Our Mission

The Congregational Library & Archives fosters a deeper understanding of the spiritual, intellectual, cultural, and civic dimensions of the Congregational story and its ongoing relevance to contemporary society by collecting, preserving, and sharing materials and by actively engaging with faith communities, students, scholars, and the general public.


Our History

The Congregational Library began in 1853 when eight ministers, a lawyer, a doctor, and a widow donated 56 books from their personal collections. Over more than a century and a half, those collections have grown to encompass a library of 225,000 books, pamphlets, periodicals, and manuscripts and a digital archive with more than 110,000 images, many drawn from our New England’s Hidden Histories Project.

Today the Congregational Library & Archives is a thriving, internationally-recognized center for researchers of all kinds, from professional historians, to church members curious about their roots, and anyone wanting to understand more about a religious tradition that has deeply informed American culture. The Congregational story is about ordinary people doing extraordinary things, beginning with the seventeenth-century puritans, continuing in the activism of nineteenth-century abolitionists and social reformers, and seen in the work modern-day Congregational churches devote toward creating a just and open society.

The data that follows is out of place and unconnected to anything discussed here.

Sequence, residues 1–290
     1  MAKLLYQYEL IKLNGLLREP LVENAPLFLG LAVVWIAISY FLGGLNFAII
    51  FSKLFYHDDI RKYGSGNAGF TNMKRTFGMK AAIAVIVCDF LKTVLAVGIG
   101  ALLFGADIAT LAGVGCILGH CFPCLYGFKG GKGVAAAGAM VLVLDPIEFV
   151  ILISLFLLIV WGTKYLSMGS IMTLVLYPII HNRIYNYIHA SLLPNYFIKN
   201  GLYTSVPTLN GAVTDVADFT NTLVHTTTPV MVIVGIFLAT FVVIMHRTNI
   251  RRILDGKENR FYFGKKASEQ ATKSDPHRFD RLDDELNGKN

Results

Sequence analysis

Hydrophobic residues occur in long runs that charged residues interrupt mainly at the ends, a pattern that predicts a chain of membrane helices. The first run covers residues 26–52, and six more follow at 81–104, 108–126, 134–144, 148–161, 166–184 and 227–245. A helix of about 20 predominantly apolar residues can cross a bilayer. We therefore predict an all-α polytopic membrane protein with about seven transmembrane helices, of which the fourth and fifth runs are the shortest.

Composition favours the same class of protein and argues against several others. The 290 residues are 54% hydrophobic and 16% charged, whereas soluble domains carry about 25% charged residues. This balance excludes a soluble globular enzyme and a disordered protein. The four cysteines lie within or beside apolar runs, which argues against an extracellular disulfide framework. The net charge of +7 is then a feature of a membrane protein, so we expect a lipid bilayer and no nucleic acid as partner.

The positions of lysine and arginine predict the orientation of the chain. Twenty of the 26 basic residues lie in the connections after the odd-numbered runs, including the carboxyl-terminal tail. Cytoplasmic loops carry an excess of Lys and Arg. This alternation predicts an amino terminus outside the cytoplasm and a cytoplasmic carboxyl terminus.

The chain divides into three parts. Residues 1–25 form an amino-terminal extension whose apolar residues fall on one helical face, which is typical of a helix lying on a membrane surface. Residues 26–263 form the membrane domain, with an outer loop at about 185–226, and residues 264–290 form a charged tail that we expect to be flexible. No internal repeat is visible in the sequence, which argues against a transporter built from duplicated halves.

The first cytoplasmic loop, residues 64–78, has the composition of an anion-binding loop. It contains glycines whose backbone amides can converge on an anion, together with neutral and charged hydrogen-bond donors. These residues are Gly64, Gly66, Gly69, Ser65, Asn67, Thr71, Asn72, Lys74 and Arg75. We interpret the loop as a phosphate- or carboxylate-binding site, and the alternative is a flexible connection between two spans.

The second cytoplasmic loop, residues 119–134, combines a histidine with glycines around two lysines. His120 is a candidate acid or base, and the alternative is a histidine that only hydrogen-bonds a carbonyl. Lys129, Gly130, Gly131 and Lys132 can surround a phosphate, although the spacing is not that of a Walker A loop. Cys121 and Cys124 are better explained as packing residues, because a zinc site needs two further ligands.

We believe that the stories of the past are an essential resource for twenty-first century life, providing depth and balance in an ever-changing world. In that spirit we are continually updating our learning opportunities for students, educators, and history enthusiasts. As an independent research library, we serve professional scholars, graduate students, church historians, and genealogists who work in our historical collection, as well as anyone interested in learning more about Congregational history.

The Congregational Library & Archives brings old and new together, carrying forward a tradition of care for the world's future by preserving and interpreting the 400+ year Congregational story.